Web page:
-Edward Abbey


                Over the Fourth of July holiday weekend my friend, his two friends (whom I now consider my friends), and I went car camping at River Ranch campground on the outskirts of the Stanislaus National Forest in California.  Although the camping itself was more like tailgating at a football game due to the surplus of amenities (cots, chairs, three coolers, a standup grill, cheerleaders) and beer, the experience was valuable for many reasons, one of which is that through visiting a new place one gains familiarity with the surrounding environment, thus determining where to go when returning in the future (assuming it is a place worth returning to).  Therefore, I now know that when I return to Stanislaus I shall venture far beyond the azure lakes that flank Route 108 and journey as far as time, resources, and energy permit into the Carson-Iceberg and Emigrant Wilderness.  But that remains the subject for another blog post.  Until then, what follows are pictures taken on the trip to Pinecrest and Beardsley Lake, as well to God’s Bath (aka God’s Glory Hole/God’s Bukkake).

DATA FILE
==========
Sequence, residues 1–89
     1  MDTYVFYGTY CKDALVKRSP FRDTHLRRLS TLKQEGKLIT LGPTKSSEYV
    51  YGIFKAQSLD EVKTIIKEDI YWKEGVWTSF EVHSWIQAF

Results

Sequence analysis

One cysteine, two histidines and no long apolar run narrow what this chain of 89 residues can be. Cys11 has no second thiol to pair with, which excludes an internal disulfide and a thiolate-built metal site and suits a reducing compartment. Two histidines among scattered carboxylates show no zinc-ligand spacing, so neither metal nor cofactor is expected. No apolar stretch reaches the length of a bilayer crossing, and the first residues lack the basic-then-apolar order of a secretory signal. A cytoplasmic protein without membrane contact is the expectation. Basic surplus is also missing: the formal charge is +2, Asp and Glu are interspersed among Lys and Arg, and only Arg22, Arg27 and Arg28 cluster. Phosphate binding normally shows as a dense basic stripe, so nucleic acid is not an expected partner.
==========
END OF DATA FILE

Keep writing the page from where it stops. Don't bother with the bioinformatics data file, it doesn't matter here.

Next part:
Above the Central Valley and below the High Sierras of Tuolumne County lies a subalpine wonderland of rivers, canyons, forests, valleys, and lakes.  Drive east from Twain Harte on the winding State Route 108 toward the Sonora Pass and enter Stanislaus National Forest.  Just off the 108, Pinecrest Lake (elevation 5,600 ft.) is a popular summer holiday destination for hundreds of families who come from the out woodworks to enjoy the refreshing mountain air and water.   If you seek peace and quiet, you’ll have to venture up from the lakeshore into the rocky pine slopes above the drone of motorboats and cackling crowds who should not be blamed for visiting the same lake at the same time.  (California is the most populous state in the nation, and it’s wrong to scorn the similarly or like-minded minorities whom have successfully escaped their concrete and drywall cells and the technological torture of urban monotony to seek reprieve at a lake in the mountains, unless they came here to watch or participate in jet ski races, wet T-shirt contests, or hot dog eating competitions.)